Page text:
3. The garment dryer of claim 1 further comprising means for heating the circulating air.
4. The garment dryer of claim 1 further comprising pieces of material placed on said sheet around a garment to prevent air from escaping at the perimeter of said garment dryer

This invention relates to a light, portable device for drying garments, such as wool or cotton sweaters, gloves, scarfs, and other delicate apparel.

The current state of the art in drying individual garments, such as sweaters, is remarkably limited. One can place such garments in a dryer on a stationary shelf or in a tumbling mode to dry the garment. Obviously dryers are not portable, and frequently the temperature control mechanism is such that the temperature in the dryer cannot be maintained at a low enough temperature to prevent shrinking.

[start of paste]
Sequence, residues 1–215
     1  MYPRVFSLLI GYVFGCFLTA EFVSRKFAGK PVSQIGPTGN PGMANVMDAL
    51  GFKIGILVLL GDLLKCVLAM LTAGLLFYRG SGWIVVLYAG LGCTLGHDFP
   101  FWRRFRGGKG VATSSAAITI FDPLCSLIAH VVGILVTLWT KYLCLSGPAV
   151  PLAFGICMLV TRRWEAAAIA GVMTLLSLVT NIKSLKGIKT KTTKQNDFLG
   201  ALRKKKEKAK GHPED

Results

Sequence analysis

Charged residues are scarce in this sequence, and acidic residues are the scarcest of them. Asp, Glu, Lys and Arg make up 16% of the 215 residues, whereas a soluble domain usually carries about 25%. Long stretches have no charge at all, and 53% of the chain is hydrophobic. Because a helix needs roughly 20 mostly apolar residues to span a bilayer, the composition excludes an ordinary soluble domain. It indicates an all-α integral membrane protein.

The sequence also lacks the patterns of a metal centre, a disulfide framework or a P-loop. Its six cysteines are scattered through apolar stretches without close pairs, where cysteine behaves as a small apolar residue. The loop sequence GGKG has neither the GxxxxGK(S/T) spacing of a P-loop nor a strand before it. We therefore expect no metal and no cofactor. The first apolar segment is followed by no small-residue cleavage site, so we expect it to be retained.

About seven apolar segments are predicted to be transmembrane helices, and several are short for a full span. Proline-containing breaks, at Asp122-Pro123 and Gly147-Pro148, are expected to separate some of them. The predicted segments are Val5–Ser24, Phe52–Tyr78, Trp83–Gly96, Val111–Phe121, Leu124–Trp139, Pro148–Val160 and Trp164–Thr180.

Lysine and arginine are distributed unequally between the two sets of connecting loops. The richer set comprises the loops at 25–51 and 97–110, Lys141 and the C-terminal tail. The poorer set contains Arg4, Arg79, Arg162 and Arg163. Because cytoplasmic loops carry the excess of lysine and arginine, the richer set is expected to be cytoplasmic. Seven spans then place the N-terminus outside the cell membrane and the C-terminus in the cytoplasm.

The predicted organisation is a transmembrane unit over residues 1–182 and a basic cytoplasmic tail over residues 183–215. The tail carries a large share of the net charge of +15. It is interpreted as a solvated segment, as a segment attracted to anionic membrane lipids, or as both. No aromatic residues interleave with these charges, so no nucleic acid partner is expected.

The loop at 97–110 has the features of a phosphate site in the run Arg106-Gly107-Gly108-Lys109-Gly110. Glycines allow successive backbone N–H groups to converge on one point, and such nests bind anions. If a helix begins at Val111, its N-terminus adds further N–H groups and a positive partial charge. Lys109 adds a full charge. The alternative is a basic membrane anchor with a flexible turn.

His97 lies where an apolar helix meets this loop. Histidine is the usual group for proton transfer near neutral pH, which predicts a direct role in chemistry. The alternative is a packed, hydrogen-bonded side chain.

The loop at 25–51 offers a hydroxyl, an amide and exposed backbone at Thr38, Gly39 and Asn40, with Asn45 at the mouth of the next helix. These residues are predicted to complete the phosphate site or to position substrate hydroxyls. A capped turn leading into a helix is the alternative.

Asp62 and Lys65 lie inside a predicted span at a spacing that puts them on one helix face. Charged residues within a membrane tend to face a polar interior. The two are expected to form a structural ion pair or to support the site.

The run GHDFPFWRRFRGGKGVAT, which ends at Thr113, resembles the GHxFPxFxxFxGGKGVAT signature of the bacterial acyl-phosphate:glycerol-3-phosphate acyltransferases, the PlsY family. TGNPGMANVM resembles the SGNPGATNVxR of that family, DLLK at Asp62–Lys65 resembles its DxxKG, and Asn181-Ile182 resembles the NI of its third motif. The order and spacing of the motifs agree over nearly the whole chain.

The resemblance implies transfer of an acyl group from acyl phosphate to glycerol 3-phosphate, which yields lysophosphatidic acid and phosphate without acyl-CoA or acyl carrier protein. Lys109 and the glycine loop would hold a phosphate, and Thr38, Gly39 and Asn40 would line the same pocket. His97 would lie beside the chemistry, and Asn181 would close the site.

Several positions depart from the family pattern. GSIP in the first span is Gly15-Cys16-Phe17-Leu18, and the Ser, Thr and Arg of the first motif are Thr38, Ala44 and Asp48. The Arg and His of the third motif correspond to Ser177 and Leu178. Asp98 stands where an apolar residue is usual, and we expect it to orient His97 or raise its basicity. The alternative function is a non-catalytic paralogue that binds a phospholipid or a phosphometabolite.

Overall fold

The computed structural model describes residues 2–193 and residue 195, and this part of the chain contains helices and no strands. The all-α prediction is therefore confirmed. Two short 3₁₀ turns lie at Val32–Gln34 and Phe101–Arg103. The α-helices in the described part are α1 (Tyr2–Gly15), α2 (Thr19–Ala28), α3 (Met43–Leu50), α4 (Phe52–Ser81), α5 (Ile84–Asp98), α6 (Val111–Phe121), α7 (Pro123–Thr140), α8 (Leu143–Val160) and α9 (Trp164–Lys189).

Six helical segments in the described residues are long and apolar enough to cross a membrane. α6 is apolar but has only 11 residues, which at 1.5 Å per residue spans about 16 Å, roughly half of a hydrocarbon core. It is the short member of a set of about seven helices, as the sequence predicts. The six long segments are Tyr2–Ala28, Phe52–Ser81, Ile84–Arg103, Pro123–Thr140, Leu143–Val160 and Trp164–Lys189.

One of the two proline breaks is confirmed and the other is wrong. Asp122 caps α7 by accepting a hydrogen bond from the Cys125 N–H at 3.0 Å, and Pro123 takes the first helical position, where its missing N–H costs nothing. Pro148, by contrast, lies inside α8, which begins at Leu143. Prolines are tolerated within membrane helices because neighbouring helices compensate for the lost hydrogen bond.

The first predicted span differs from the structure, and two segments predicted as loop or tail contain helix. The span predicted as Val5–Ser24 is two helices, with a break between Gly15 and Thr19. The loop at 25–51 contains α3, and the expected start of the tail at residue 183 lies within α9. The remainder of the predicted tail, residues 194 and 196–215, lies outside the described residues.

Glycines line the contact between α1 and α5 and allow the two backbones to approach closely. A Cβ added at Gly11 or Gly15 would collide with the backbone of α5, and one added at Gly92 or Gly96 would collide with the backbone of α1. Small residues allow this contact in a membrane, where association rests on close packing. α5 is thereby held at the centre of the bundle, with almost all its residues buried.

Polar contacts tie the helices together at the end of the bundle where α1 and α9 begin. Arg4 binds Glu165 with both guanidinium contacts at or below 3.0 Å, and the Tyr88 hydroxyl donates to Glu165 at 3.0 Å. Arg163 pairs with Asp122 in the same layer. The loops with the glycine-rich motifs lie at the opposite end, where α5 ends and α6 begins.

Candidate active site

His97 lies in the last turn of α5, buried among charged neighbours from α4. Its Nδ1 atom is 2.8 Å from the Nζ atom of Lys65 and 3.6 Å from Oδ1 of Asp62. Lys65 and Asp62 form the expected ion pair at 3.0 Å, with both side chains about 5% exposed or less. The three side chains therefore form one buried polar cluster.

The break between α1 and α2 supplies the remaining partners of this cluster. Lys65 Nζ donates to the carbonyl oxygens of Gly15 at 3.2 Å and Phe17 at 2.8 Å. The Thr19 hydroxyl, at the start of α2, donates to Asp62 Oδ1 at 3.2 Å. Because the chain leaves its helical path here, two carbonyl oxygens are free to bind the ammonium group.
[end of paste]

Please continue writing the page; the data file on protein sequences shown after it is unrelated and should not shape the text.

Other alternatives to drying such garments are equally unsatisfactory. Placing a sweater on a hanger and letting it drip dry requires a substantial amount of time and can result in the undesired distortion of the garment's original shape. Placing a wet garment on a towel on a flat surface is a very slow process. Commercial devices that are currently marketed also are too slow. For example, there are available so-called sweater dryers that include a screen stretched on a frame so that a garment placed on the screen has both its front and back exposed to the air for drying. One must depend, however, on ambient air current and simple evaporation to accomplish the drying.


The purpose of this invention is to provide a portable device that can be moved easily throughout a household or disassembled and carried on trips. The invention provides a flow of air at ambient or slightly elevated temperature to dry garments without shrinking. The shape of the garment is also preserved. This invention provides, at low cost, an apparatus that substantially increases the drying time of a wet garment.